A King's Ransom

November 25, 2018

 

 

First Reading            Daniel 7:9-10, 13-14

Psalm                         Psalm 93

Second Reading      Revelation 1:4b-8

Gospel                       John 18:33-37

 

 

“Ever since the world began, your throne has been established; * you are from everlasting.” In the Name of God: Father, Son, and Holy Spirit. Amen.

 

            Some say it is good to be the king. Tell that to all the kings who have been defeated, even killed, by foreign armies, or worse yet, by rebellion from their own people. Kingship brings forth many different images in history and our experience. For God’s chosen people, the love-hate relationship began long ago. Joshua, by the power of God, defeated many kings, and paved the way for the nation of Israel to inhabit the promised land. They looked around the then small world stage, the Ancient Near East, and said, “All the other nations have a king, we should have one too.” The people wanted to be like all the other nations, despite God’s repeated proclamation they are not like all the other nations. Humanity can be stubborn. They wanted a king. They demanded a king.

            Joshua and later the prophets warned them, God is our only King. If you name a person king, they will tax your resources, conscript your sons for an army, take your daughters as servants in their palace, build great buildings on the backbreaking labor of the people, and take all the credit. A king will demand obedience and service. As God’s chosen, we are called to obey and serve God, and God alone.

            Be careful what you wish for, you just might get it. And Israel got what they asked for, but perhaps not what they wanted. The kings of Israel can be divided into “good kings” and “bad kings.” Even the best remembered, such as King David, had his issues. Humanity has always had a precarious relationship with kingship. Is it any wonder the child’s game “King of the Mountain” centers around knocking down the current king so one might raise one’s self to the position of king. Children have the uncanny knack of innocently yet accurately portraying the world of adults.

            For Jesus, it is probably not good to be the king, or at least called king, when standing in front of Pilate. As Roman procurator, Pilate must protect the emperor’s claim as ruler of the Roman Empire. For Pilate, it is more immediately important to protect his small circle of power and authority. It would not look good on Pilate’s resume to have a rebellion and competing claim of king rise up on his watch. He wants to stay on top of his mountain. But what is Pilate really protecting? What power does he really have? Pilate claims to be in authority, but is not his own master.

            Pilate is often thought of as willing to release Jesus, but is too weak to do so. He is unwilling to overturn the demands of the Jewish leadership and the crowds, too concerned for his own position and self-preservation. He is willing to commit any perjury or injustice to hold on to the power he thinks he has. In John, Pilate seems to go even further, ridiculing the possibility of Jesus’ kingship.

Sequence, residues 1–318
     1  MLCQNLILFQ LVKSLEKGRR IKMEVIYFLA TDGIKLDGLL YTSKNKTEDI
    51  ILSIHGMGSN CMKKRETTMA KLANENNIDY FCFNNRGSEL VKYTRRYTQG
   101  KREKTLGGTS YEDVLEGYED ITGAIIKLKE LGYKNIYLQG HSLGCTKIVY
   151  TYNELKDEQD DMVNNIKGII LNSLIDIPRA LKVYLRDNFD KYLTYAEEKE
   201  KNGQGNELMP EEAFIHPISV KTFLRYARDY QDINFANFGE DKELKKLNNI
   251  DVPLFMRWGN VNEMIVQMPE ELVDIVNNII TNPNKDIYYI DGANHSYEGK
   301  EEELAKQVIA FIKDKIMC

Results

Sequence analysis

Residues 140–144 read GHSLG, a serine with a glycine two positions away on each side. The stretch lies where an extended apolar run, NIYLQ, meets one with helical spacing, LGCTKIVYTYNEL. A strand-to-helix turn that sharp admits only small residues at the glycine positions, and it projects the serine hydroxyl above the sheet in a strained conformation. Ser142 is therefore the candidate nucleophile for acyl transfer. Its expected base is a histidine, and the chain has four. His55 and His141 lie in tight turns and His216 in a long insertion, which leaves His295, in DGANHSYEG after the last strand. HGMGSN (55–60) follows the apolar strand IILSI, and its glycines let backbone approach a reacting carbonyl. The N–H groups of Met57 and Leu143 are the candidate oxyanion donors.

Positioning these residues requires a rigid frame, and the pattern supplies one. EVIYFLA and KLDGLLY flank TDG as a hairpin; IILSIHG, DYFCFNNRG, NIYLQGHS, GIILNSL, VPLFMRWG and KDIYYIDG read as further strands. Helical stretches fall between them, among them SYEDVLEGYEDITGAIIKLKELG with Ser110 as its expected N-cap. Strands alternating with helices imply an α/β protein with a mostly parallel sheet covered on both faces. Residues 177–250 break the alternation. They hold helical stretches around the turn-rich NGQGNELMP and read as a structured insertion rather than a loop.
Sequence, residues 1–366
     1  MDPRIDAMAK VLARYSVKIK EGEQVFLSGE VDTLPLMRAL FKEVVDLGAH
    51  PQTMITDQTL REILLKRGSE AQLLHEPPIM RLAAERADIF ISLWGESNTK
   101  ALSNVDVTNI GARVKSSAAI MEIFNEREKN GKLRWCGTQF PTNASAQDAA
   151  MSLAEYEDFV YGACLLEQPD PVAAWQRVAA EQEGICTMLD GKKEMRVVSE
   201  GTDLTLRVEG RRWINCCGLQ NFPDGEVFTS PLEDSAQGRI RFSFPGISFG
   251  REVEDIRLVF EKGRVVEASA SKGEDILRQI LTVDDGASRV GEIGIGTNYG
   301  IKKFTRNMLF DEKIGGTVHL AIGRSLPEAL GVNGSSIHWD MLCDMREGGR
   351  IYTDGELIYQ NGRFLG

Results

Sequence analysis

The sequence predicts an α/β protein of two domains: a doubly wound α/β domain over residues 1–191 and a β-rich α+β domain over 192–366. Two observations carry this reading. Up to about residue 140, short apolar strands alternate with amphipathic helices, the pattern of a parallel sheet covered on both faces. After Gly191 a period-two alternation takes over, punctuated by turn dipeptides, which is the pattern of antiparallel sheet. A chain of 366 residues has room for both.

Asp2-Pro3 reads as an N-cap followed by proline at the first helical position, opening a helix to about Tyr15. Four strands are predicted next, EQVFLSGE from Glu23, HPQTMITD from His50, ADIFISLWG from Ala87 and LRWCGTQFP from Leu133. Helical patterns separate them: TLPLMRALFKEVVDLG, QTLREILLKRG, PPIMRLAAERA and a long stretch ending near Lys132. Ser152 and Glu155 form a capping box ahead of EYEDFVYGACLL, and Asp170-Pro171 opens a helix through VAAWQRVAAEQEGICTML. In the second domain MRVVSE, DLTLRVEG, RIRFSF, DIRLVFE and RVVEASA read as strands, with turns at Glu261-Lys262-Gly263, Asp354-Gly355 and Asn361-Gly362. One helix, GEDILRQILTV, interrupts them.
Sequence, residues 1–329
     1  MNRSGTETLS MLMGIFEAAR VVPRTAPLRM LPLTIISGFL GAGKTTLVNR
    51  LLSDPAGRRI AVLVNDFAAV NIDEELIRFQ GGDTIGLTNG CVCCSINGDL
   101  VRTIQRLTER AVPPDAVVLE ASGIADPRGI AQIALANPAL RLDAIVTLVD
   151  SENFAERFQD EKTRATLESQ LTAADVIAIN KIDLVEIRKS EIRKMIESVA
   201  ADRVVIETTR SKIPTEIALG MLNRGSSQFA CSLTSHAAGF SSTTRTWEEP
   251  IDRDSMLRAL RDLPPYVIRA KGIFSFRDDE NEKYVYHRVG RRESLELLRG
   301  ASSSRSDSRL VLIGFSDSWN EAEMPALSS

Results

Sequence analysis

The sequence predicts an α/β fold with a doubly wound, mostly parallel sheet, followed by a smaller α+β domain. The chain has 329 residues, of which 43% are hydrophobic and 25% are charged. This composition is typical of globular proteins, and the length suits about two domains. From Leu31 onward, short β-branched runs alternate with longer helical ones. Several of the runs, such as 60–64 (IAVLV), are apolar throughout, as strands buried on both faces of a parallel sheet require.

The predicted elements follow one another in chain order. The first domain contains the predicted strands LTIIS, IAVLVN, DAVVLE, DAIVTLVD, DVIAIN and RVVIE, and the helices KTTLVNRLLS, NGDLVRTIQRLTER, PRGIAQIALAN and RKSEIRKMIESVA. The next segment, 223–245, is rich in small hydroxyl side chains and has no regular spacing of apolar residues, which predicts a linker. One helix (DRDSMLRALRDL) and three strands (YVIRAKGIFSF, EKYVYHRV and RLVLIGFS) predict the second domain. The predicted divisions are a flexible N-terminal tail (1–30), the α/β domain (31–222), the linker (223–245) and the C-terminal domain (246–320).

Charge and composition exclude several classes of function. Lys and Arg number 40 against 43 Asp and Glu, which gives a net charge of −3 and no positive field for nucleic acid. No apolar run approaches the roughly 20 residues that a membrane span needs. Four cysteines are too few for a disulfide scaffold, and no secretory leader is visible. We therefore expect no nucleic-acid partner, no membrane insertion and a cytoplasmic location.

In the exchange between Jesus and Pilate, two images of power come face to face. Pilate believes he has the power to destroy and the power to save. Jesus will ultimately demonstrate Pilate has no power at all. Jesus suggests Pilate has no concept of true kingship. Earthly political power is an illusion. Our strange human obsession with power is an aberration. The power we seek has no ability to create, to redeem, or to sanctify. It is time to recognize a different kind of King.

            Christ is King. Humanity names our own kings, rather than recognize the Truth, that God alone is King ... sovereign, all powerful, all knowing, and all present. The Book of Daniel and the Revelation of John offer us apocalyptic glimpses of God’s kingdom and perfect reign, and they are too much to take in. It is too much to wrap our human brains around. We must abandon our experience and understanding of human kings. God’s is a different kind of Kingdom, and a different kind of King.

            Earthly kings demand their subjects kneel before them. God knelt down to humanity and offered a Son, to experience humanity and live and die as one of us. Earthly king’s demand servitude. Through Christ, God shows us the way of love and service to others. When kings were captured in battle, they expected their subjects to buy their freedom and pay a king’s ransom. Christ freed us all from the power of death and offered his life, the ultimate King’s ransom.

            We are to called to identify and deny all that competes for Christ’s throne in our lives and proclaim Christ King of all. The challenge is discerning God’s will in God’s reign, and recognizing our own desire for power and control of our lives. Do we use the notion of God’s rule actually to impose our own? Do we impose our understanding of the world on others, especially those weaker than ourselves, and proclaim we are only adhering to God’s will?

            We are disciples, followers of Christ, and wrapped up in discipleship is the ongoing work of discerning what God would have us do ... what might be the next faithful step. We are freed by Christ from sin, but continue to strive and struggle with obedience. On our journey, there will be blessing and suffering, as Jesus demonstrated in both his glory and the cross. The way of Jesus is the way of Truth. Any other way is bound to fail. Our King is the One “who is and who was and who is to come.” Our King is the alpha and the omega, the beginning and the end, total and complete. Our King is for ever and ever, Jesus Christ our Lord. Amen

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